The Organization for Economic Cooperation and Development (OECD) warned earlier this year that "stranded assets" are not only a major risk to energy companies, but their investors, including sovereign wealth funds, pension funds and university endowments. OECD governments make about $200 billion annually from oil and gas—Russia gets about $150 billion a year, or 28 percent of total government revenues, while OPEC countries revenues total $600 billion to $700 billion a year.
Increased water shortages are among the biggest threats to the worldwide soft drink and bottled-water market, valued at $247 billion by an IBIS World report.
Coca-Cola's 2013 10-K form stated that "changing weather patterns, along with the increased frequency or duration of extreme weather conditions, could impact the availability or increase the cost of key raw materials that the company uses to produce its products."
Coca-Cola's supply of sugarcane, sugar beets and other ingredients looks to be threatened as temperatures rise and extreme weather events occur more often. This past June, government authorities in India forced the closing of a Coca-Cola bottling plant in the country's north after the company was accused of extracting too much groundwater.
Ironically enough, as sea levels rise, the fishing industry will be one of the most adversely affected.
Salmon and trout, for instance, thrive in cold, free-flowing water. Habitat loss for both could be as high as 17 percent by 2030 and 34 percent by 2060 if emissions of heat-trapping pollutants are not reduced. That would be a harsh loss for these fisheries, which are worth somewhere between $1.5 and $14 billion a year, according to an analysis from the Natural Resources Defense Council.
Ocean acidification also poses a problem for the fishing industry. Shellfish, like clams and oysters, find it much more difficult to grow in a more acidic environment.
Oddly enough, climate change may actually be good for skiing meccas like Vermont right now. Because more precipitation is falling with the rising temperatures, there will be more snow during the colder months.
In the long run, however, if winters grow shorter and warmer and the precipitation turns to rain, regions that depend on cold-weather tourism will lose a substantial amount of money. By 2100, two-thirds of European ski resorts may be forced to close, according to an estimate made by Daniel Scott, the Canada research chair in global change and tourism at the University of Waterloo.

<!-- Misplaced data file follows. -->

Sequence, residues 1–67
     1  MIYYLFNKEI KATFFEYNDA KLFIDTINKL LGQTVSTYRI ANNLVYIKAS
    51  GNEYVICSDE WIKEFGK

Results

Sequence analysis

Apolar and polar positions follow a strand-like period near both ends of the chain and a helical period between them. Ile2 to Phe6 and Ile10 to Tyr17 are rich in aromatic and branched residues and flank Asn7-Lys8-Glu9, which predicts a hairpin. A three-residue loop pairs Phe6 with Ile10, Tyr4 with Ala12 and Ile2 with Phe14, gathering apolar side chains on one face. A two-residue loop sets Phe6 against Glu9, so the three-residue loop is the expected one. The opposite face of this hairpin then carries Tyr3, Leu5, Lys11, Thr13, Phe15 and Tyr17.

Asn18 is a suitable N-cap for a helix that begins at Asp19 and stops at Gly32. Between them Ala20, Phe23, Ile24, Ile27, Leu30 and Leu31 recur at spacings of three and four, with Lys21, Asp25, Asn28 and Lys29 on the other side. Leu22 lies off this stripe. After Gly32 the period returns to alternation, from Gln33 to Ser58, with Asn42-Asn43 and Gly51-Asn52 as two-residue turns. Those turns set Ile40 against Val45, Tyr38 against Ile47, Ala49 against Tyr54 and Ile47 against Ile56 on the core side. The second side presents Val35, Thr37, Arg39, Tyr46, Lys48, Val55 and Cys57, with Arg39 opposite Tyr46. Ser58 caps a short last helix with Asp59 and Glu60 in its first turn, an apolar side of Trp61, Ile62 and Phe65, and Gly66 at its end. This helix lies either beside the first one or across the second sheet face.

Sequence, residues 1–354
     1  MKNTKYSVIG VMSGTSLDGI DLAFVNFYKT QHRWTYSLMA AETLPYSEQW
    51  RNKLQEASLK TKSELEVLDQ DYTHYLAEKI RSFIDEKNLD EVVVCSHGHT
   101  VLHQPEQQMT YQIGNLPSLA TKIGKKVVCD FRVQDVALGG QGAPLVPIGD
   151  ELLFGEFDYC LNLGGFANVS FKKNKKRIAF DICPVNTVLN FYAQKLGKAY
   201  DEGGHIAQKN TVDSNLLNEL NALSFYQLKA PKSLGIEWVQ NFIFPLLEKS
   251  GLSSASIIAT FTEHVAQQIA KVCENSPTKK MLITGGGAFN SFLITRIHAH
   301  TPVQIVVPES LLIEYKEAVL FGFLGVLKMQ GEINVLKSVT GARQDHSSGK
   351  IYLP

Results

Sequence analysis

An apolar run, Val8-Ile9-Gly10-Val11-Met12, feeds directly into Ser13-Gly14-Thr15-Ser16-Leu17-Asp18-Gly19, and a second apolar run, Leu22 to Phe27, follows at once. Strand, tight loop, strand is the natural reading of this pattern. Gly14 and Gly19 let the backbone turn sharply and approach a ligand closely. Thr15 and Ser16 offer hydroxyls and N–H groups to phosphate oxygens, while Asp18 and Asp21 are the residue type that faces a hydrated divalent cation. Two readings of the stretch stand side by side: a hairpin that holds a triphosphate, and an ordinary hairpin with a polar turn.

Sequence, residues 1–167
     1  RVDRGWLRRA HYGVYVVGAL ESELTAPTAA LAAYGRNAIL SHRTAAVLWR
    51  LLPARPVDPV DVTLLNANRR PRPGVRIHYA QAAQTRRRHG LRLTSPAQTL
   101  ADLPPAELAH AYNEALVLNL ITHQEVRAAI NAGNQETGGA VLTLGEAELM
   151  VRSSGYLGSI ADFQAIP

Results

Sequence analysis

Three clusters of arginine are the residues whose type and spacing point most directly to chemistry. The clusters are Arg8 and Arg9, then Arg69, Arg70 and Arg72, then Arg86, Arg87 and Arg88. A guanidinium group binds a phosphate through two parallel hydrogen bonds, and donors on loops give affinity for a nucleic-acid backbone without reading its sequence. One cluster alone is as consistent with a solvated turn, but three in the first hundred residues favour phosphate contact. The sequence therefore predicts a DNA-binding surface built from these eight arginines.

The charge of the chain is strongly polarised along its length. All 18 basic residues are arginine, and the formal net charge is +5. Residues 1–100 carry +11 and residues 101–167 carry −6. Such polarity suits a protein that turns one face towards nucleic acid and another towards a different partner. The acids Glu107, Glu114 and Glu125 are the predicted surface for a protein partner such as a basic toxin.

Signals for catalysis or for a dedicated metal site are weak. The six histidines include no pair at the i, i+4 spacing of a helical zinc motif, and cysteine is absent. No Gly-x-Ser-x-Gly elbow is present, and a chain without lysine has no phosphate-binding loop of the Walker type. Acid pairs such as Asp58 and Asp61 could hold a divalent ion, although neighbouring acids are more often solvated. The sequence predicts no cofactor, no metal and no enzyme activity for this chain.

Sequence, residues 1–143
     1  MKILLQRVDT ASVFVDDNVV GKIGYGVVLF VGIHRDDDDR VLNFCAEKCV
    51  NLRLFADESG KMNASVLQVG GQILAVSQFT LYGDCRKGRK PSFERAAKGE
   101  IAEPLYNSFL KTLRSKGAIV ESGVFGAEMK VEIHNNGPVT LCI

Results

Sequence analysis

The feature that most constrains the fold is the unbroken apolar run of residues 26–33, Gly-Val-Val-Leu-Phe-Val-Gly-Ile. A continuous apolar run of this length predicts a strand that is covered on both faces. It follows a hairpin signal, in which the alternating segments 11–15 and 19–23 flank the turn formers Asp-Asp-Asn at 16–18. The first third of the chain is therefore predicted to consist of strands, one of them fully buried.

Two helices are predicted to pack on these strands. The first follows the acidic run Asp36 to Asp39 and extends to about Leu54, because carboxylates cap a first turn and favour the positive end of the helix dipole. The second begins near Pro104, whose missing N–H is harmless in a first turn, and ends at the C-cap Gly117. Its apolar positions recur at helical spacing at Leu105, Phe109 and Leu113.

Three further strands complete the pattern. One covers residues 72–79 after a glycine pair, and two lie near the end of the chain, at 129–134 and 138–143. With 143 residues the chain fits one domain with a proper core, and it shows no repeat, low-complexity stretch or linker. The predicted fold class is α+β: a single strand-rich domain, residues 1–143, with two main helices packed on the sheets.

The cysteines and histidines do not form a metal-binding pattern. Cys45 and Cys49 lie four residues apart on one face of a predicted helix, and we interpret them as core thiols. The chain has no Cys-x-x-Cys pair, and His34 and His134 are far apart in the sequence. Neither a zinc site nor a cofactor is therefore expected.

In the United States, the $12.2 billion ski and snowmobile industry has already experienced a $1 billion loss brought on by changing weather patterns.
The production of wine grapes may not be entirely destroyed by climate change, but the geographic landscape of winners and losers in the wine business may change dramatically.
Wine grapes require a particular environment in which to grow and are very sensitive to even the most subtle shifts in climate. As temperatures rise, there may be a two-thirds drop in production in traditional wine areas, such as Burgundy and Tuscany. The $10 billion French wine export industry is particularly vulnerable.
At the same time, certain regions, including southern England and greater Seattle, could find themselves home to an emergent wine industry.
The impacts of climate change on the financial industry are yet to be determined, but Wall Street may find itself literally under water in coming years.
Much of Lower Manhattan is made up of landfill in areas that, when New York was still called New Amsterdam, were part of the Hudson and East rivers. This land was generally flooded in the aftermath of 2012's Hurricane Sandy.
Though Wall Street—one of the oldest streets in the city—was built mostly on old, elevated land, the geography of Lower Manhattan may change drastically in coming years.
For the financial services industry, prolonged shutdowns could lead to large losses. The industry lost $7 billion in the immediate aftermath of Hurricane Sandy, when the New York Stock Exchange was forced to close for two days.